1. You’ll need at least two people for this exercise, but four would be ideal. Prepare a plain background to photograph them against, preferably near a window for the light.
2. Frame the portraits equally close and with a shallow enough DoF to throw the background out of focus. Aim at a ‘deadpan’ expressionless face filling the frame like a large oval shape.
3. Upload the portraits and process them in exactly the same way so that they fit together well. You don’t want one high contrast and the other low contrast, for example.
4. Print out the best portraits about A5 size. If you’ve made only two portraits, make two prints of each face.
5. Fold each portrait into a squareish ‘tube’ and stick it together, so that you have the forehead on one side, the eyes on another, then the nose and mouth on the other sides. Like the one on the right:
6. Now combine them together to make an ‘identi-kit’ face.
7. Re-photograph in different combinations. How could you develop this? Make a family photo-fit? Make boxes or a photographic Rubik’s Cube? Photography isn’t just about a flat image; it’s an object you can move around, cut up, paint on, re-assemble and integrate with other objects.
Observations and Learnings:
It appeared to be a drag when I began this exercise but then it was great fun. The four poor people who went through this transformation!! While making the cubes, it was interesting to note the face dimensions and the features of each individual. How someone’s eyes are deeper set than another, how one’s nose is shorter than the other. It definitely would not have forced me to notice all these things. Definitely a fun exercise. It was like creating new people and meeting them 🙂 The kids especially loved it . The fun experiments that came out of it were :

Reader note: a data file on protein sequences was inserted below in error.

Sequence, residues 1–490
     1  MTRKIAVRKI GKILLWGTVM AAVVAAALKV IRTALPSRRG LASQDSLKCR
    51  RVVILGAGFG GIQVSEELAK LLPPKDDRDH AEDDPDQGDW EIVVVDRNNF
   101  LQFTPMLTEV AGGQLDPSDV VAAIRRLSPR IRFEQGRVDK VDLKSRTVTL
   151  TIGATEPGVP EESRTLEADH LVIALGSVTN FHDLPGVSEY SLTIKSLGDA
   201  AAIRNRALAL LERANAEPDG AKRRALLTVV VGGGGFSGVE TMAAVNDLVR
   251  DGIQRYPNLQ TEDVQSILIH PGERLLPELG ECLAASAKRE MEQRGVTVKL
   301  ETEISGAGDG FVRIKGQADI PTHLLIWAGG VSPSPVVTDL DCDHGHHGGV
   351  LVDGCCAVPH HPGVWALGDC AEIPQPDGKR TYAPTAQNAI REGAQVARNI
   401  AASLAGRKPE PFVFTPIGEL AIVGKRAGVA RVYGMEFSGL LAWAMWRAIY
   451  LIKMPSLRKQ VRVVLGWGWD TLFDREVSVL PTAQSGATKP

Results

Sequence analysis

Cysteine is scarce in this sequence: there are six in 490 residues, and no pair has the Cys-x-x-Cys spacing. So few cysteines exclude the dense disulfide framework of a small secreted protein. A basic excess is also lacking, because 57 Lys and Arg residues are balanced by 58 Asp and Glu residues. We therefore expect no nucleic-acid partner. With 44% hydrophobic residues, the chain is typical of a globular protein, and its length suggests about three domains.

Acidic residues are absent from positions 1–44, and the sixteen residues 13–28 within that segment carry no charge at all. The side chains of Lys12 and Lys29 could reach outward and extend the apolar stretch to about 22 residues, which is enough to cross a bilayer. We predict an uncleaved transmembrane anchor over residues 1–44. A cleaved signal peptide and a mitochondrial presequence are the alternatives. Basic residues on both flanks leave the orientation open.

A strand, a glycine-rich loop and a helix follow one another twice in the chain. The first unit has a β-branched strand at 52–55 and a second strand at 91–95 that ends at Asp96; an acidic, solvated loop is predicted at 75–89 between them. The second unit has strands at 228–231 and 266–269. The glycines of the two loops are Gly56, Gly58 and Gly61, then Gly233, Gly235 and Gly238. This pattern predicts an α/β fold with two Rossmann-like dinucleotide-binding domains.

- A guessing game which included taking many people’s portraits and then dividing them into parts and guess who belonged to who. A would be hit game at children’s parties!
- A photo studio where kids put on these “masks” over their eyes/nose/mouths and created another new identity and went mad taking pictures.
- The semblance to familiar faces and why each one of them is different than the other.
- Trying to create identities based on what feature one would want – what if I had your eyes? kind of exercises. Reminds me of a photo studio in America where two decades back they would photograph a couple and then create pictures of what their offspring would look like. Well mine looked nothing like what they had produced!! 🙂
Somehow all these new faces appeared to be known to me – I have definitely seen this face somewhere was my reaction to most of these new faces. A great fun exercise to learn and observe many things which you cannot unless you attempt this exercise. How each part of one’s body defines and creates the personality of that individual. Definitely more fun than it promises and a fantastic learning tool.